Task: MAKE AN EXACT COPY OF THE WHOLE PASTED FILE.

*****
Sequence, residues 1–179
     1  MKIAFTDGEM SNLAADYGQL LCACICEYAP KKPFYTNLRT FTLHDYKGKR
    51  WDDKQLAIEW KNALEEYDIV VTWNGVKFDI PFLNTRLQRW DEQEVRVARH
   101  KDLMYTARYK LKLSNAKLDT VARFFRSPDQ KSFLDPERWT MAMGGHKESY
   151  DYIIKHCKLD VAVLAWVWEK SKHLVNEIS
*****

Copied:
Sequence, residues 1–179
     1  MKIAFTDGEM SNLAADYGQL LCACICEYAP KKPFYTNLRT FTLHDYKGKR
    51  WDDKQLAIEW KNALEEYDIV VTWNGVKFDI PFLNTRLQRW DEQEVRVARH
   101  KDLMYTARYK LKLSNAKLDT VARFFRSPDQ KSFLDPERWT MAMGGHKESY
   151  DYIIKHCKLD VAVLAWVWEK SKHLVNEIS